SBE Graduate Students present in Graduate Student Research Awards Competition!

College of Natural Science, Forestry & Agriculture will be holding a Graduate Student Research Awards Competition on February 27th in Room 57, Stodder Hall!

purple-flower2-150x150SBE Graduate Students Corianne Tatariw and Eric Venturini will be presenting between 11 and 12.

Faculty, staff, graduate and undergraduate students are encouraged to attend!




10:00 Opening 

10:10 The application of spatial modeling tools to predict abundance and assess landscape factors that impact native bees in Maine’s lowbush blueberries—Shannon Chapin, Department of Wildlife Ecology 

10:30 Smolt phenology and effects of dams on the success of Atlantic salmon smolt migrations in the Penobscot River, Maine—Dan Stich, Department of Wildlife Ecology 

10:50 The effects of high pressure processing on the quality and functionality of abalone meat— Brianna Hughes, School of Food & Agriculture 

11:10 10 minute break 

11:20 The effects of long term atmospheric nitrogen deposition on functional soil microbe communities— Corianne Tatariw, School of Biology & Ecology 

11:40 Enhancing native pollinators in Maine’s lowbush blueberry fields: What to plant and how to plant it—Eric Venturini, School of Biology & Ecology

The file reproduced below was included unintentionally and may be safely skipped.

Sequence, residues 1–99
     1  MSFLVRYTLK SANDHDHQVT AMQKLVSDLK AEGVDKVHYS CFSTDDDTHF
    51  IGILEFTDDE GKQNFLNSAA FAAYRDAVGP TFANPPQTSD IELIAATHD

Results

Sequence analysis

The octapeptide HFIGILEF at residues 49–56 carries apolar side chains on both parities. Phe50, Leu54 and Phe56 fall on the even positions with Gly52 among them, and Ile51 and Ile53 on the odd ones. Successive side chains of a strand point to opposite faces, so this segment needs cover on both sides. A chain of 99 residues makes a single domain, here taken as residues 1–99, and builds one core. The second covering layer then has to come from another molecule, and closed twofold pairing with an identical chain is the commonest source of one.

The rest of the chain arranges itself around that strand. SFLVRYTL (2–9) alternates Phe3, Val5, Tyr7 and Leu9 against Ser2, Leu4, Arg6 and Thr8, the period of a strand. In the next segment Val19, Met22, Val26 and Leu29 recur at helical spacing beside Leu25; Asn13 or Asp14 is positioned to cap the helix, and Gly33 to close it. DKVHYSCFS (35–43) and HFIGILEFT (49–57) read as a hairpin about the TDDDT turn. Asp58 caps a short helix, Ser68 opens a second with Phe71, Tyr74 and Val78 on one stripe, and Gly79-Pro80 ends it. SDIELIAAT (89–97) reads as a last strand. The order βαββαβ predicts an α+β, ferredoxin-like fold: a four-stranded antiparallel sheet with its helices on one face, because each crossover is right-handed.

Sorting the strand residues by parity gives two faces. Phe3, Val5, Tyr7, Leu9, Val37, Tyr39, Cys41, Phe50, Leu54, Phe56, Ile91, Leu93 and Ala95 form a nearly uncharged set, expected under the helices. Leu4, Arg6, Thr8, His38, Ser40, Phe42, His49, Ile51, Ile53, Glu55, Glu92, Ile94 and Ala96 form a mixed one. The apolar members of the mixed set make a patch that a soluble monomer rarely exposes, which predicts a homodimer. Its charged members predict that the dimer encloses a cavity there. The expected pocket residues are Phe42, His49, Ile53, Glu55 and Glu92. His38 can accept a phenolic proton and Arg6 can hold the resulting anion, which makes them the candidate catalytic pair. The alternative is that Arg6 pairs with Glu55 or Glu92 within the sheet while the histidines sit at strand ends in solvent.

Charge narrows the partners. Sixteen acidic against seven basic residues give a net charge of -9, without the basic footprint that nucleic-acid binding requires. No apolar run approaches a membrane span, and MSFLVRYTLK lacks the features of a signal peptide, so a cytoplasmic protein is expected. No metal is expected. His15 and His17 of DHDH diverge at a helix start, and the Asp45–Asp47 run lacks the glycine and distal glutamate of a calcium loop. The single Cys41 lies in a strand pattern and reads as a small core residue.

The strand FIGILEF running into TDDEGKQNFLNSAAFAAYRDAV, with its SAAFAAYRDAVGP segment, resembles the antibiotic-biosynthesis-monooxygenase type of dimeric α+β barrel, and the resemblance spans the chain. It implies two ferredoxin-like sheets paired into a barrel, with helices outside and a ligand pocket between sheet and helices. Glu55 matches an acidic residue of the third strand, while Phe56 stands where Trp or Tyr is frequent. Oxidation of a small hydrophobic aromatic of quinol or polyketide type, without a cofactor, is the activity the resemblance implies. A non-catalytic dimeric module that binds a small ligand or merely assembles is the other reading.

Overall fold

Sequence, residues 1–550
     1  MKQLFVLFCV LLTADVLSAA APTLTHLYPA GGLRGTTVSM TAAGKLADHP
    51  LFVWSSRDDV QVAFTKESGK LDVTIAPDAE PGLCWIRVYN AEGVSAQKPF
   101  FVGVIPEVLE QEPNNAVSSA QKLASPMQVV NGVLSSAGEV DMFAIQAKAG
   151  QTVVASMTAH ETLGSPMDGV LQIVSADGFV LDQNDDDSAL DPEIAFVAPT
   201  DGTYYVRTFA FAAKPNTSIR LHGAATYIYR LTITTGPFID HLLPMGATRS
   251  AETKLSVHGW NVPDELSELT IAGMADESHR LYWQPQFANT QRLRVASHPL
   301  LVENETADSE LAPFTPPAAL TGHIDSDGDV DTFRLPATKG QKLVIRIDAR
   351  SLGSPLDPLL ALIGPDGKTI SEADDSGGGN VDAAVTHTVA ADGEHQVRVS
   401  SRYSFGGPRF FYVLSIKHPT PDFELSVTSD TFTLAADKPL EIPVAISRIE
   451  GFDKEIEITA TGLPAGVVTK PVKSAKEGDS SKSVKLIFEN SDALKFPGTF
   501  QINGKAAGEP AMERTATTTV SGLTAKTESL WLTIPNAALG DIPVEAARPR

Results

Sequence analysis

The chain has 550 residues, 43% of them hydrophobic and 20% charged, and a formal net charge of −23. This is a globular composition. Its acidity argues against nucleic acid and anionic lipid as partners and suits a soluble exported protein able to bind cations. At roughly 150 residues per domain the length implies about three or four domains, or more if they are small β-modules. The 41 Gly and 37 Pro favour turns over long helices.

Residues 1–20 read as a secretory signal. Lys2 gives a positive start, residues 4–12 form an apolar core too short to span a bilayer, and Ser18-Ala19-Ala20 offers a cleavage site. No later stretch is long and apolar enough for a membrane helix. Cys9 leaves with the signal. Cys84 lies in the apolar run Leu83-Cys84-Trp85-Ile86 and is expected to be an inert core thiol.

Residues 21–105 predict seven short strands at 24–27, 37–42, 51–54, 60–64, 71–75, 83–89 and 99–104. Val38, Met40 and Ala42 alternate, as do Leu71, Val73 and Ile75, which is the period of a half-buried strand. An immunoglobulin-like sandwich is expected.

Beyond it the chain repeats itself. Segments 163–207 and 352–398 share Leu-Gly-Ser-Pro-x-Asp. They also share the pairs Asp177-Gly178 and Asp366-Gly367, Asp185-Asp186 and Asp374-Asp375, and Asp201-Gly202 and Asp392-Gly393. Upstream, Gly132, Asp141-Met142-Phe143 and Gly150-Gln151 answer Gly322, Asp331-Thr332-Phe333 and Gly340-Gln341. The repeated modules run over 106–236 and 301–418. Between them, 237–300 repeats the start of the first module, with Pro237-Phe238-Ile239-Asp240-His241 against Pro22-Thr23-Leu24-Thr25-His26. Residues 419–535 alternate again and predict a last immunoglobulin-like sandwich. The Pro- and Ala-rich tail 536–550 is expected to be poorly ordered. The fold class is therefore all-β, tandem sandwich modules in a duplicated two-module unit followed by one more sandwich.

12:00 Direct simultaneous detection of various shiga-toxin producing Escherichia coli strains by an optical sensing method using Oligonucleotide-functionalized Gold Nanoparticles—Irwin Quintela, School of Food & Agriculture 

12:20 10 minute break 

12:30 Recent climate change compared to the rapid warming at the end of the last ice age: insight from the glacial moraines of New Zealand—Toby Koffman, School of Earth & Climate Sciences 

12:50 Predicting high quality sites of black ash (Fraxinus nigra) across Maine and northern New York: An approach to prioritizing preparedness and management of emerald ash borer (Agrilus planipennis)— Kara Lorion, School of Forest Resources 

1:10 Developing valley glacier flow models to estimate stability over the Holocene—Seth Campbell, School of Earth & Climate Sciences